Entertainment and performing arts

 

Mounted Krewe Officers in the Thoth Parade during Mardi Gras.

The New Orleans area is home to numerous celebrations, the most popular of which is Carnival , often referred to as Mardi Gras. Carnival officially begins on the Feast of the Epiphany, also known as the "Twelfth Night." Mardi Gras (French for "Fat Tuesday"), the final and grandest day of festivities, is the last Tuesday before the Catholic liturgical season of Lent, which commences on Ash Wednesday.

The largest of the city's many music festivals is the New Orleans Jazz & Heritage Festival. Commonly referred to simply as "Jazz Fest", it is one of the largest music festivals in the nation, featuring crowds of people from all over the world coming to experience music, food, arts, and crafts. Despite the name, it features not only jazz but a large variety of music, including both native Louisiana music and international artists. Along with Jazz Fest, New Orleans' Voodoo Music Experience ("Voodoo Fest") and the Essence Music Festival are both large music festivals featuring local and international artists.

Other major festivals held in the city include Southern Decadence, the French Quarter Festival, and the Tennessee Williams Literary Festival.

In 2002 Louisiana began offering tax incentives for film and television production. This led to a substantial increase in the number of films shot in the New Orleans area and brought the nickname "Hollywood South." Films have been produced in and around New Orleans include Ray, Runaway Jury, The Pelican Brief, Glory Road, All the King's Men, Déjà Vu, Last Holiday, The Curious Case of Benjamin Button, and numerous others. In 2006, work began on the Louisiana Film & Television studio complex based in the Treme neighborhood. [39] Louisiana began to offer similar tax incentives for music and theater productions in 2007, leading many to begin referring to New Orleans as "Broadway South."[40]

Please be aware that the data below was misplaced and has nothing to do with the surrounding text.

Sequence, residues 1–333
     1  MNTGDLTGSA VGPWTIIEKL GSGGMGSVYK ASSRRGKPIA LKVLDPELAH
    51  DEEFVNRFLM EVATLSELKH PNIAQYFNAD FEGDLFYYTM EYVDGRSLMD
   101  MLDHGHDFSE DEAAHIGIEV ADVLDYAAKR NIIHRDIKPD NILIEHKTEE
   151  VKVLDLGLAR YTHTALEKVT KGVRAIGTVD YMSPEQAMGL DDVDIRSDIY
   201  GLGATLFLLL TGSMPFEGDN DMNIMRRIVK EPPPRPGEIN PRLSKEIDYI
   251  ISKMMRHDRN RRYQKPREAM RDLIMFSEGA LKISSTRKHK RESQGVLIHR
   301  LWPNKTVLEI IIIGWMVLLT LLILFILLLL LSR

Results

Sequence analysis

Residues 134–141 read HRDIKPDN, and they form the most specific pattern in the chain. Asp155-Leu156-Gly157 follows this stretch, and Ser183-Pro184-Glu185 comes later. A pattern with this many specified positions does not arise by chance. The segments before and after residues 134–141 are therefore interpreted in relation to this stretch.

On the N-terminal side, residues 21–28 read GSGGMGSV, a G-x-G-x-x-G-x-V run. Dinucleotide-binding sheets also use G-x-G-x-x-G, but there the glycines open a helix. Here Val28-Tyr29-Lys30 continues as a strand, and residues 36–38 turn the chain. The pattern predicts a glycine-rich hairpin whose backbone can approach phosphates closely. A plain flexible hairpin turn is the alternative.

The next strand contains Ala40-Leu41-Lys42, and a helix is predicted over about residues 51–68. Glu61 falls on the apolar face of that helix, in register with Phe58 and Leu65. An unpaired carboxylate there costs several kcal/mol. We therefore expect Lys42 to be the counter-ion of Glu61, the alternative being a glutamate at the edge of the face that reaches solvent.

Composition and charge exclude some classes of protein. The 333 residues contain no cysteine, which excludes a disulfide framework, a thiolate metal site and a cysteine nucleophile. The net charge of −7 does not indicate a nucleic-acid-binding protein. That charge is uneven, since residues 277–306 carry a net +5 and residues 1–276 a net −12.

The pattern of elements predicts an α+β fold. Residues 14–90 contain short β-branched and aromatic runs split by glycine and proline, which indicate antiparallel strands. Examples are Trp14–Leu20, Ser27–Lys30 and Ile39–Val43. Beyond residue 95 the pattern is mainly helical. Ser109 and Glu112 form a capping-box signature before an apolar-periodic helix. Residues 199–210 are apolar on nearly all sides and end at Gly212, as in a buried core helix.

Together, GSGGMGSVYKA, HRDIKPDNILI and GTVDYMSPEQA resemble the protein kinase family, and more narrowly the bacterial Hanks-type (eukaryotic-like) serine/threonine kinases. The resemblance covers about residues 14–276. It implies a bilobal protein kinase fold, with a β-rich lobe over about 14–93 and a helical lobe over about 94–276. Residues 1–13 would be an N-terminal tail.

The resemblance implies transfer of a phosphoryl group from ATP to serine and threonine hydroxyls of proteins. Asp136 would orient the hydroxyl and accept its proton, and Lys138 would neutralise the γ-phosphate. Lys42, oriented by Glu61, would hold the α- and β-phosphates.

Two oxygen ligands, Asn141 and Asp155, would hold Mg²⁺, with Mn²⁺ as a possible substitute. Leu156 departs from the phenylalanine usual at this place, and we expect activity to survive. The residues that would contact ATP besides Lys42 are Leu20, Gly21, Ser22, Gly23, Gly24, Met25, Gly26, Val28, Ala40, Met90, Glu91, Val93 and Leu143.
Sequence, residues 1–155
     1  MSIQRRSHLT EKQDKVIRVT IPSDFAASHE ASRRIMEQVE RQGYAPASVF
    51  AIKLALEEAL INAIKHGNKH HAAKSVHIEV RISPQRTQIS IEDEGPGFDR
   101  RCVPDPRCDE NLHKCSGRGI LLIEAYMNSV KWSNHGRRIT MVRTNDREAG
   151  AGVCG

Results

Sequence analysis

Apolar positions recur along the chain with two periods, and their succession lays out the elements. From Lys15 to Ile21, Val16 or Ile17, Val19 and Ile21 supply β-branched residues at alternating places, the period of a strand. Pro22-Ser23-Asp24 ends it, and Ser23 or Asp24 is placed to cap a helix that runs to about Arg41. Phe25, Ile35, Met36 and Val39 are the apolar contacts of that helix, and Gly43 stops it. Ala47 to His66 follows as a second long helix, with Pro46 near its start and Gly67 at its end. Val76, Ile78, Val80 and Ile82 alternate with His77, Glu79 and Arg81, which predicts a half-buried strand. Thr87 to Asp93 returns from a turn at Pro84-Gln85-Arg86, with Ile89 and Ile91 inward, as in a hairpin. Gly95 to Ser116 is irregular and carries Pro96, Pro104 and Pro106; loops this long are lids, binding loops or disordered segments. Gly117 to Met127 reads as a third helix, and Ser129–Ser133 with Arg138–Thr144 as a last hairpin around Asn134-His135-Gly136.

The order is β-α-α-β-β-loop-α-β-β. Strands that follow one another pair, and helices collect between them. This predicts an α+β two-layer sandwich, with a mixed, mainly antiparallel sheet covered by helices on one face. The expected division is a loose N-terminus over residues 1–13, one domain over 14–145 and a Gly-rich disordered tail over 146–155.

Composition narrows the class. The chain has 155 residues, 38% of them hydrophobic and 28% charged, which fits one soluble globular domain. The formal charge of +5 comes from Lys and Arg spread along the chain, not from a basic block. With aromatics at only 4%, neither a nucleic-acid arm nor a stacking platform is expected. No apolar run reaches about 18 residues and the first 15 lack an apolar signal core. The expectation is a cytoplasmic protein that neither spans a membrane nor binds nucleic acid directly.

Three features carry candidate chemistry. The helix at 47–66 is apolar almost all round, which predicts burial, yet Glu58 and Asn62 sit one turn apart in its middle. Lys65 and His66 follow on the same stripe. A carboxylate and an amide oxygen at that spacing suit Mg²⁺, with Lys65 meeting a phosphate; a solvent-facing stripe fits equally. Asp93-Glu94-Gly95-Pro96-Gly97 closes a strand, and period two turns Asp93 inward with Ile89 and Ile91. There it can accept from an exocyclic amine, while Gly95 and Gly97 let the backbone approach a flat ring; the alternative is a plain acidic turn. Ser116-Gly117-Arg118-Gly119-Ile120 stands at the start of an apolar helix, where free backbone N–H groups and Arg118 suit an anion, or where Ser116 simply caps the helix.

Louis Armstrong, famous New Orleans jazz musician.

New Orleans has always been a significant center for music, showcasing its intertwined European, Latin American, and African cultures. New Orleans' unique musical heritage was born in its pre-American and early American days from a unique blending of European instruments with African rhythms. As the only North American city to allow slaves to gather in public and play their native music (largely in Congo Square, now located within Louis Armstrong Park), New Orleans gave birth to an indigenous music: jazz. Soon brass bands formed, gaining popular attraction that still holds today. The city's music was later significantly influenced by Acadiana, home of Cajun and Zydeco music, and Delta blues.

New Orleans' unique musical culture is further evident in its funerals. A spin on the tradition of military brass band funerals, traditional New Orleans funerals feature sad music (mostly dirges and hymns) on the way to the cemetery and happier music (hot jazz) on the way back. Such traditional musical funerals still take place when a local musician, a member of a club, krewe, or benevolent society, or a noted dignitary has passed. Until the 1990s most locals preferred to call these "funerals with music", but visitors to the city have long dubbed them "jazz funerals".

Much later in its musical development, New Orleans was home to a distinctive brand of rhythm and blues that contributed greatly to the growth of rock and roll. An example of New Orleans' sound in the 1960s is the #1 US hit "Chapel of Love" by the Dixie Cups, a song which knocked The Beatles out of the top spot on the Billboard Hot 100. New Orleans became a hotbed for funk music in the 1960s and 70s, and by the late 1980s it had developed its own localized variant of hip hop called bounce music, which, while never commercially successful outside of the Deep South, remained immensely popular in the poorer neighborhoods of the city through the 1990s.

A cousin of bounce, New Orleans hip hop has seen commercial success locally and internationally, producing Lil Wayne, Master P, Birdman, Juvenile, Cash Money Records, and No Limit Records. Additionally, the wave of popularity of cowpunk, a fast form of southern rock, originated with the help of several local bands, such as The Radiators, Better Than Ezra, Cowboy Mouth, and Dash Rip Rock. Throughout the 1990s many sludge metal bands started in the area. New Orleans heavy metal bands like Eyehategod,[41] Soilent Green,[42] Crowbar,[43] and Down[44] have incorporated styles such as hardcore punk, doom metal, and southern rock to create an original and heady brew of swampy and aggravated metal that has largely avoided standardization.[41][42][43][44]